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Volume 90, Issue 89

Thursday, March 13, 1997



Bartering for Bucks

By Jason Ménard
Gazette Staff

The financial path of the University Students' Council has been charted out and pending final council approval next week, the budgetary destination for the 1997-98 year will be an increased USC activity fee.

While the increase is minimal – a proposed fee of $242.56 up from $238.51 this year – USC VP-finance Chris Keith said he recognizes students may have some qualms about the increase.

"It's a paradox," Keith said. "On one hand students have been upset about the administration raising [tuition] fees and now their student representatives are doing the same thing.

"However, it's time to stop the losses and get the USC back onto a line of profit. I'm convinced this is the best thing we can do for the council next year."

Over the past two years the USC has dealt with a deficit in their budgeting. The actual deficit was $565,429 in 1995-96 and the council is budgeting to lose $81,567 this year. However, the projected loss is not yet in. The bottom line of the proposed budget shows a projected surplus of $83.

The increase in USC fees is integral to maintain the financial stability of the council for the coming years, Keith said. "I hope council will start looking at a balanced budget to build reserves." He added that past optimistic budgets have produced deficits which have not allowed the council to develop a surplus. "Little blips in enrolment cost us thousands of dollars on the bottom line."

As well, the proposed budget addresses the ability for council to deal with expansion well beyond the rate of cost of living and with the burden of a university-imposed occupancy cost which totals over $600,000.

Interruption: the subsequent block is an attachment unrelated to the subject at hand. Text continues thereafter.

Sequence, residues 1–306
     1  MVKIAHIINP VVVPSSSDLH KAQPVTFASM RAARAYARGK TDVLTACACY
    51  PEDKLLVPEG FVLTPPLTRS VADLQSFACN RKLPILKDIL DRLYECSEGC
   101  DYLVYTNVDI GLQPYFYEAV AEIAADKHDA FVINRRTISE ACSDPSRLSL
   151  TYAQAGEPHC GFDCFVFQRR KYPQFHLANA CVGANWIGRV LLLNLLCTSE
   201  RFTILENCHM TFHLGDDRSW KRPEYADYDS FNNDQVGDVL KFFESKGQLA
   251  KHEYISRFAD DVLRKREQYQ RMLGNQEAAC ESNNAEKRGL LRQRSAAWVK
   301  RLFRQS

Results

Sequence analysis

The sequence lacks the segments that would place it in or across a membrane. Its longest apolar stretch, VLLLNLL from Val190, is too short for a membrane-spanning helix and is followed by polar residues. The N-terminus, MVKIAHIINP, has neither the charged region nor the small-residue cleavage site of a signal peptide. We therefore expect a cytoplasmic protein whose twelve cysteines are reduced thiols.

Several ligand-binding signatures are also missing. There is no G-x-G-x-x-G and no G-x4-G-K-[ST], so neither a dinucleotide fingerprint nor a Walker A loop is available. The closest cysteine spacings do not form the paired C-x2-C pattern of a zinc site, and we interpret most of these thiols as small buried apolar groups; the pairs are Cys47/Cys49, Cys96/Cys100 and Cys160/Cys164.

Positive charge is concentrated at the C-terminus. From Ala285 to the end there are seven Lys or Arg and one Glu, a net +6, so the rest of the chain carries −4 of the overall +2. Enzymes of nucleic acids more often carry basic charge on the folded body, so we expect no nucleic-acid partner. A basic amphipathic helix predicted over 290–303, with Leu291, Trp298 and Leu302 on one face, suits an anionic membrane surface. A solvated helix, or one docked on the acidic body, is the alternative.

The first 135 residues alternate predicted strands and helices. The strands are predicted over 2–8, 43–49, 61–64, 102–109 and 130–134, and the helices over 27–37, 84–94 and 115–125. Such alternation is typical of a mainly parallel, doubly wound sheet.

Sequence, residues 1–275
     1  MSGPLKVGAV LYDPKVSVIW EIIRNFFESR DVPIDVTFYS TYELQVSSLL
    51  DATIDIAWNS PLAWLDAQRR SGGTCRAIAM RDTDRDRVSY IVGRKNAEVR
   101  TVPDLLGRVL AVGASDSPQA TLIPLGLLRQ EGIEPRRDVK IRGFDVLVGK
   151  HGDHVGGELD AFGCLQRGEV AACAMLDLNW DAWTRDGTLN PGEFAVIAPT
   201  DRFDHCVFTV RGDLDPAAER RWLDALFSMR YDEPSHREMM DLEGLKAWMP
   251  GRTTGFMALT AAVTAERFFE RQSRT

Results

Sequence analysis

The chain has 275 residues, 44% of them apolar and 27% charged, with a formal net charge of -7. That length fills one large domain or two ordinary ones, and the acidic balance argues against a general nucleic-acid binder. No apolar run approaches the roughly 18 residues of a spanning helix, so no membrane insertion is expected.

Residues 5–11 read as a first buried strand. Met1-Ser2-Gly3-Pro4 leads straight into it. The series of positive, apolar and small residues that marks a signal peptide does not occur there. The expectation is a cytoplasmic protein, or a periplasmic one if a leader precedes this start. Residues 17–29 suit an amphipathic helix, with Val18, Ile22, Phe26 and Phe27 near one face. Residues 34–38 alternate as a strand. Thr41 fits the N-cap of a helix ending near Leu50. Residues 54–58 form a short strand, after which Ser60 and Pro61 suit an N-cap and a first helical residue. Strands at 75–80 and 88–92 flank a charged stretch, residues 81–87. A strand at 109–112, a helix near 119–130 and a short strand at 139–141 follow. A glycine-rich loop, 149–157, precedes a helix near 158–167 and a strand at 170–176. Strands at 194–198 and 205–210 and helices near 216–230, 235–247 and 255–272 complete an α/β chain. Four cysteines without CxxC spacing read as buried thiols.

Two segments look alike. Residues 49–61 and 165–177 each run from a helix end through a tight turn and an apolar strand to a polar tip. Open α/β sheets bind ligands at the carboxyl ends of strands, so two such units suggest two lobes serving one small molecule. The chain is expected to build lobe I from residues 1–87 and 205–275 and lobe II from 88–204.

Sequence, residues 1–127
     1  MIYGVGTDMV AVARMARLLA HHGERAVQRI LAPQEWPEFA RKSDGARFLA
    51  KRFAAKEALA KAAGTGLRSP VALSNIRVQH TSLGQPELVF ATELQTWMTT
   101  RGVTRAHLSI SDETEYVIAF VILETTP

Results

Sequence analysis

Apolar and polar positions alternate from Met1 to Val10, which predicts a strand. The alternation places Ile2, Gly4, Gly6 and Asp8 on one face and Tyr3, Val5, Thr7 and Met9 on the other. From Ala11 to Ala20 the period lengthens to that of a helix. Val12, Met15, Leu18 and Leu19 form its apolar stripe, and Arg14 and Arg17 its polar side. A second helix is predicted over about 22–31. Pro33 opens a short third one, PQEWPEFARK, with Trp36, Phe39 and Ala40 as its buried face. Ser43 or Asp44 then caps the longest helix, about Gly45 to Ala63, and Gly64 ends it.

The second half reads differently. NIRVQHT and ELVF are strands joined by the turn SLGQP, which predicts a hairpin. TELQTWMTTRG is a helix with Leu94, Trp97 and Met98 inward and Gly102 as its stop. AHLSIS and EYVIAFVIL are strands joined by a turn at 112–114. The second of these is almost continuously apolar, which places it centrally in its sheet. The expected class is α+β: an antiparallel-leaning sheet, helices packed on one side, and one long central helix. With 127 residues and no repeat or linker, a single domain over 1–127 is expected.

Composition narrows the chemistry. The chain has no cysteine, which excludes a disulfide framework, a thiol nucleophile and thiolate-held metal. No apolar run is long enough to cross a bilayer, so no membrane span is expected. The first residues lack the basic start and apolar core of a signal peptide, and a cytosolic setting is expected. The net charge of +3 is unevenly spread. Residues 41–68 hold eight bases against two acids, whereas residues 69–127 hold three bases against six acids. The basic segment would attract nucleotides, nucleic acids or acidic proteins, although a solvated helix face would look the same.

Jim Walden, the council's general manager, said he feels this budget is more realistic than ones presented in the past. "During the past couple of years potential changes in the scope of USC operations have been so significant, finding a degree of precision in budgeting has been somewhat questionable," he said. "The bottom line has been somewhat circumspect and I suppose overly optimistic."

Following a number of years of renovations and negotiations over the University Community Centre, both Keith and Walden feel the council is reaching a point where it can more accurately budget for the future.

"Next year will be the first steady-state year of operations in three or four years," Keith said. "The headaches from expansion and down time from operations moving is over." Because of this, unexpected budgeting costs will not be incurred, he added.

The budget was balanced due to some small changes, good management of the health plan which decreased $10.21 and the elimination of the Green Plan levy. Walden said the levy was eliminated as it was installed to establish the recycling plan. Council now feels it is being used as a subsidy for university core operations.

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Copyright © The Gazette 1997